Recently, I have been reflecting on reading.  This would only make sense since I am reading regularly.  It is something I enjoy, plus my job requires that I read, and read a lot.  As I consider the discipline and/or hobby of reading, I often find myself thinking of ways I can read better, learn more, etc.  Perhaps you regularly find yourself with similar musings.  If you do, then here are some thoughts to help you in your reading; be it recreational or rigorous.

(1) “Read much and not many.”  This was the advice of Charles Spurgeon. He exhorted his readers to resist the temptation to hasty reading and the accumulation of bibliographic notches on their belts.  “Little learning and much pride comes from hasty reading,” was Spurgeon’s observation.  If you find that you are not learning much when you read, it could have everything to do with your motivation for reading.  Are you reading in order to say that you have read several books?  Or are you reading because you enjoy reading, because you want to learn, and because you want to feed your soul, regardless of who finds out how many books you have read?

(2) Be purposeful.  I learned this from Al Mohler.  He observed that we learn more when we spend significant time on a given topic.  This is accomplished in reading by developing reading “projects.”  Choose a topic you want to read about, begin purchasing good books on that topic, and begin to read through those books.  This approach, I have found, is much more conducive to learning than the “I think I will read this book now” approach.

(3) Mix it Up.  A few months ago, my wife told me that she was getting tired of a book she was reading.  From my judgment, it didn’t have anything to do with the content; she had been really enjoying the book up to that point.  I suggested that she try reading more than one book at a time.  This practice has a tendency to promote thought, keep the mind fresh, and helps us stay motivated in our reading.  It is easy, after spending several hours in a book, to become weighed down in that plot or topic.  On the other hand, this dilemma can be countered by reading more than one book at a time.  This practice has helped me tremendously.  I often have several “projects” going at one time and I rarely get tired of any one book.  American history is a refreshing change after pondering justification by faith in all its exegetical depth, and vise versa!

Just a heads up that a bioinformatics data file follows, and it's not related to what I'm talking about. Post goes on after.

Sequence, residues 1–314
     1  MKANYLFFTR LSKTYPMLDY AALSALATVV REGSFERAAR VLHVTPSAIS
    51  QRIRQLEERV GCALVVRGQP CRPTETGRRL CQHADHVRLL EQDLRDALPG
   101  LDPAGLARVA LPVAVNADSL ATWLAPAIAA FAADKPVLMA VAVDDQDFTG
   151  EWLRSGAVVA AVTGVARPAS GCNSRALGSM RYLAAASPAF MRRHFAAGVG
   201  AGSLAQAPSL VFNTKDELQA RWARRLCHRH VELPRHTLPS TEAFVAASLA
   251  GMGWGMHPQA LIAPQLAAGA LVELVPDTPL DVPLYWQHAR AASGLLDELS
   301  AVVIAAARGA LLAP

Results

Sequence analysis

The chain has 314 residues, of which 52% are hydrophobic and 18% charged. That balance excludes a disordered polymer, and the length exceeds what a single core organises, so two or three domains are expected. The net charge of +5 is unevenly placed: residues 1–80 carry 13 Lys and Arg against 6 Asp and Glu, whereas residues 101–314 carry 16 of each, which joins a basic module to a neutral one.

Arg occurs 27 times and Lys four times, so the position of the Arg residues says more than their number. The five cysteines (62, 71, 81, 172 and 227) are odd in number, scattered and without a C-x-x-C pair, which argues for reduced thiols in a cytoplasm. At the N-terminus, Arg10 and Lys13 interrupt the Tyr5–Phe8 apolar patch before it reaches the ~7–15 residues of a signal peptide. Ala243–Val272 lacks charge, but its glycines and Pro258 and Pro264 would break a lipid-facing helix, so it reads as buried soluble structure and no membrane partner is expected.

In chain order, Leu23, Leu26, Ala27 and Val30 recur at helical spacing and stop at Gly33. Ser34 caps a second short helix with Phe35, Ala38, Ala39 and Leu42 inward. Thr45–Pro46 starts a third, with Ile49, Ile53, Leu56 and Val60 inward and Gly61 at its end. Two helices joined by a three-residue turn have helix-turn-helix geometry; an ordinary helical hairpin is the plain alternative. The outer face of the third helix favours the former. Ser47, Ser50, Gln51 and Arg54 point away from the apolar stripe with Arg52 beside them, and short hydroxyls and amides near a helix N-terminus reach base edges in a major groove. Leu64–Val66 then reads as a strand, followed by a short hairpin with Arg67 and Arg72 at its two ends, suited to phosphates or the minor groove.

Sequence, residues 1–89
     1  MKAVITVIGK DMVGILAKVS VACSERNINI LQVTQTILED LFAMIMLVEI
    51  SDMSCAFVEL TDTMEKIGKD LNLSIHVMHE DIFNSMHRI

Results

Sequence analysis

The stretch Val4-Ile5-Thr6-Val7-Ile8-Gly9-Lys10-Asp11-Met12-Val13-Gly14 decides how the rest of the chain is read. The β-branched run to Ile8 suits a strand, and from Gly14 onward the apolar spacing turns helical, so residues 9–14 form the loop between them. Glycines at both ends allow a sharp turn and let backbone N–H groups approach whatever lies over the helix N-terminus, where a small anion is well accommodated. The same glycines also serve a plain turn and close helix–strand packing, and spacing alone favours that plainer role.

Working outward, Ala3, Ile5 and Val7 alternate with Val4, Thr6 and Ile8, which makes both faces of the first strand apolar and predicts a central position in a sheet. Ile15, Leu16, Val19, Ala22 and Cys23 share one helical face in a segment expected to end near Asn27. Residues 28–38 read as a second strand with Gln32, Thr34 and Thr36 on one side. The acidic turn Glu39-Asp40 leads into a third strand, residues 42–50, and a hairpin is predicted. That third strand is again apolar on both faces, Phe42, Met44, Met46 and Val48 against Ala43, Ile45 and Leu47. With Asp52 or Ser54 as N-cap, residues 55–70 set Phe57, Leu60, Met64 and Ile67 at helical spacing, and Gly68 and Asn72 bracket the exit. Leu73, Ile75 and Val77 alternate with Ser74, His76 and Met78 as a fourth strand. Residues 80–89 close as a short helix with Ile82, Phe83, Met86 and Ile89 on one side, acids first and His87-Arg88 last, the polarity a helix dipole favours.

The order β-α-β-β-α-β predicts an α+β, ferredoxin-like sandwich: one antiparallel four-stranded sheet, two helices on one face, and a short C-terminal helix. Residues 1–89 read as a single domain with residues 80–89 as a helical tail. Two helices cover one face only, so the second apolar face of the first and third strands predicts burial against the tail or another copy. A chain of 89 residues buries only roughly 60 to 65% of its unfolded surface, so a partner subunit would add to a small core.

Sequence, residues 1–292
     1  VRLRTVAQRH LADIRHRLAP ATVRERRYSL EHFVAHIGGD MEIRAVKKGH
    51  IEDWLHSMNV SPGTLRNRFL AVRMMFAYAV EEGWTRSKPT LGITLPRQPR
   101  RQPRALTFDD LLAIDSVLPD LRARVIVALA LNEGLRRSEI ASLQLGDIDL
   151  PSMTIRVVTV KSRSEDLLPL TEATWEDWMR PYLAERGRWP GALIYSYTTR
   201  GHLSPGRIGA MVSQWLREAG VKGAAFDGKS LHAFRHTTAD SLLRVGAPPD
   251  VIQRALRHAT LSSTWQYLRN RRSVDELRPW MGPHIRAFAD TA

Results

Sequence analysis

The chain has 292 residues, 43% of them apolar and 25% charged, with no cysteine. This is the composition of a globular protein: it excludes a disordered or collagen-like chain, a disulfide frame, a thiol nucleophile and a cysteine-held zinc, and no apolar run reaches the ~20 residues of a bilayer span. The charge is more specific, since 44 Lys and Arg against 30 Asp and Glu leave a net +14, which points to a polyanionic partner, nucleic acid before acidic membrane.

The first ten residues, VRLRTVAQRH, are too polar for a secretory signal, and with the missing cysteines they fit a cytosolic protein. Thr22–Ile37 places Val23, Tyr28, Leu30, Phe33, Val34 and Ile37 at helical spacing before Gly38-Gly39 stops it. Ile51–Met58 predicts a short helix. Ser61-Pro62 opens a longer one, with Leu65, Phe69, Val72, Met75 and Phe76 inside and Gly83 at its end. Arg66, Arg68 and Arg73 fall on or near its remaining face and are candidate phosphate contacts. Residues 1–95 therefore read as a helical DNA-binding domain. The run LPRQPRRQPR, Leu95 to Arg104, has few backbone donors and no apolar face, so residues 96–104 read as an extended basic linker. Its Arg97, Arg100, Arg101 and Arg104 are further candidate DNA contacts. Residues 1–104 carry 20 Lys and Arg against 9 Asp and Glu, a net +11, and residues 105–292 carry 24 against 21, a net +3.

(4) Have Fun.  It is also important to always take in some fun reading.  Read fiction.  Read children’s books.  Read the comics.  This, like the previous suggestion, will help keep your mind fresh and motivated to keep reading.

(5) Write in your book.  Many of us have been through many books.  But many of those books have never been through us.  That is because we rush through them and never take time to write down our thoughts, to make notes, and to make the book our own.  One practice that I have learned from a colleague of mine is to turn the blank pages in the front and back of a book a place for notetaking.  In the front of the book, I write down the page numbers of significant portions of the book and an appropriate sentence that explains that portion.  Then, when I go back to the book, I can open the front cover and be reminded exactly what the book was about, the insights I had, etc.  As Mortimer Adler observed,

There are two ways in which one can own a book. The first is the property right you establish by paying for it, just as you pay for clothes and furniture. But this act of purchase is only the prelude to possession. Full ownership comes only when you have made it a part of yourself, and the best way to make yourself a part of it is by writing in it. (How to Mark a Book)

(6) Don’t lose precious minutes.  How many times have you been in a situation where you have an extra five minutes while you are waiting for your parents, or your spouse, or sitting in a doctor’s office?  These spare minutes pop up quite often and are perfect for getting some reading in.  Recently, I have been trying to remember to bring a book wherever I go.  Who knows, but I might get an extra five minutes here and ten minutes there.  At the end of any given week, we might have accumulated 1-2 hours of extra reading time!  Imagine that!

There are many more things I could say about reading, but I hope these few suggestions help you as you pursue to redeem the time by good reading.

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